18 Can’t-Miss Insights From Social Shake-Up

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You know those tired, old social media tactics you rely on? It’s time to shake things up.

Around 500 communicators gathered in Atlanta for Social Media Today’s Social Shake-Up 2015, where dozens of social thought leaders spilled the beans on the latest industry best practices.

Here are some of the top takeaways from the two-day event’s first 24 hours.

How Social Has Changed Communication

1. Before social spread from novelty to must-have, your brand had to go through gatekeepers to tell its story. Those gatekeepers often didn’t have the same definition of newsworthiness as you.

For example, they told the story of the Apollo 11 moon landing and the Apollo 13 disaster, but hardly of the other successful lunar missions, says John Yembrick of NASA. Now, you and your audience define what is newsworthy. Feed them great content that tells your brand’s story.

2. We’re not just competing with competitors but with everyone else, Red Pantz CEO Petra Neiger says. Brands need to prioritize what they put in front of their audience. If they do too much, their audience will tune them out.

3. “You don’t want to be (on social) 10 minutes after the crisis happens,” Yembrick says. “You want to be (on social) 10 seconds after the crisis happens.”

How do you do that? Prepare for crises before they happen.


Social Media Participation

1. Want the space-age method for creating brand ambassadors? NASA’s Yembrick says the space agency invites its biggest fans and influencers to exclusive behind-the-scenes events in the hope that the invited create content.

The VIP treatment builds loyalty that rarely is achieved through digital means alone.

2. Just because something doesn’t immediately drive transactions doesn’t mean a brand should avoid it. Community is the future of business, says Brian Fanzo, the chief digital strategist of BroadSuite.

3. “I don’t want more followers on social media,” Fanzo says. “I want more people that I can have a handshake with.”

4. “People understand you can’t personally connect with thousands of followers, but they want you to connect with some,” vtricity CEO Peter Ebert says.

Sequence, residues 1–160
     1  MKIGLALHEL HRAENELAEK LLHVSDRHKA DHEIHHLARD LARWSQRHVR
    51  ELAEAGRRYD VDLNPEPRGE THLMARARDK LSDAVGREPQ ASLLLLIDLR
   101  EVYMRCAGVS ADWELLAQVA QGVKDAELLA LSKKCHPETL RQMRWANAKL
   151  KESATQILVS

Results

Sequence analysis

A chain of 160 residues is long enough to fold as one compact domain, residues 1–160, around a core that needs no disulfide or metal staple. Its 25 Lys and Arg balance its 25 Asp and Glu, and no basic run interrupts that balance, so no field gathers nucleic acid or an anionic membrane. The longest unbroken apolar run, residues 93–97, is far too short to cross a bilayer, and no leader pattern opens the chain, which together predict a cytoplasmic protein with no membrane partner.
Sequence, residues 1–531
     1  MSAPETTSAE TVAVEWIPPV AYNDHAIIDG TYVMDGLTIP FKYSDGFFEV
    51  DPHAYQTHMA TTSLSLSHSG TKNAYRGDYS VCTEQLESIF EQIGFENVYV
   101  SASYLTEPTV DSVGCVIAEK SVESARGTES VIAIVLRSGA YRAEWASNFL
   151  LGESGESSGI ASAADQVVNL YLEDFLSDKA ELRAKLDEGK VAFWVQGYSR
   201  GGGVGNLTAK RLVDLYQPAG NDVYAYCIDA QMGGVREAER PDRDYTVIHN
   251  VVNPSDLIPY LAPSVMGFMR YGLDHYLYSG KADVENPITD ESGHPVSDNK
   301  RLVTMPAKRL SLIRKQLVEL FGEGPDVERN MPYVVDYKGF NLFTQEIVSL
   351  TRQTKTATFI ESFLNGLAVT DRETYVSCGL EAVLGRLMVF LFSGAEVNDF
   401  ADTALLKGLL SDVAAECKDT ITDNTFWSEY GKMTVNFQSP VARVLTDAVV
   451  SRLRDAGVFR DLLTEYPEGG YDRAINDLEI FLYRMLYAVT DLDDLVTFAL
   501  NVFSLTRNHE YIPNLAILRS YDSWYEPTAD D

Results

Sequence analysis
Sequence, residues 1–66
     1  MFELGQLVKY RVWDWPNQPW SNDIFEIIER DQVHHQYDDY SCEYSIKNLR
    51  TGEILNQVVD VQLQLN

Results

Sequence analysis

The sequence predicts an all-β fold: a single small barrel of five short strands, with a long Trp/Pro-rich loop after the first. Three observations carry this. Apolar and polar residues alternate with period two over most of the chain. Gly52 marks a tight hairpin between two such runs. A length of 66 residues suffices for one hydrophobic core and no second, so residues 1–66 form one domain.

1. “No one is going to ever complain that you’re helping them too much and providing them too much value,” Fanzo says.

2. Often, brands think that they have to build a platform to build community, but that isn’t the case, Fanzo says. Find content and platforms they already love and sponsor it. Provide value by helping grow a community.

Titania Jordan, the CMO of KidsLink, agrees. She says “build it and they will come” is no longer true. Instead of building new ground, brands should find where their audience already exists and determine how you can meet their needs.

3. If you work for a large brand and have a lot of fans or people connected to you, it is impossible to have a 1-on-1 relationship with each of them, Neiger says.

Identify your power users and influencers, understand who they are and build real relationships with them.

4. The audience that you aim to communicate with is made up of people like yourself, Ebert says. They’re busy, they have passion, they have relationships. They are not just on Facebook, Twitter or Instagram. They’re everywhere, like you.

5. Never automate the personal touch, Ebert says. When you put out content, your personality and value comes in and you don’t want to automate that.

As Neiger puts it: “You can automate amplifications, but you cannot automate relationships.”

6. “Everyone is fighting a battle you know nothing about,” Ebert says. “Be mindful of that and think about what you can do to create happiness. (If you do), it will come back 10 times what you would get back if you just sent content that’s not about them.”


1. When it comes to acquiring data, don’t wait for your target audience to give you feedback. Seek out social intelligence among your audience, Fanzo says.

2. Data without insights or data that just reflects the status quo doesn’t really do brands much good. Josh Martin, the director of digital and social media at Arby’s, requests that his team doesn’t send reports unless they contain new information and actionable insights.

When you can show what’s good, what’s bad and why that’s the case, you tend to get more resources.

3. The best marketers have amazing guts and should trust them, says Laura David-Taylor, of MaxMedia. You need to prove your instincts are right, though. That’s where you need to rely on data.

4. Should brands use mobile beacons? Yes, but they should use discretion. Beacons shouldn’t become a new medium for spam, David-Taylor says.

“No one in this world wants to walk into a store and have beacons beat up their phone,” she says. “There’s a difference between ads and value.”

5. “Data is about being contextually relevant,” Martin says. “We’re trying to get the right message to the right person at the right time.

“We should be smarter about delivering a better personalized experience.”

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Tags : social media

About Brian Conlin

Brian Conlin is a content marketing manager for Cision. A former journalist, he enjoys researching and developing accessible content. When not writing, you will find him watching baseball and college basketball, sampling craft beer and enjoying Baltimore. Find him on Twitter @BrianConlin13.

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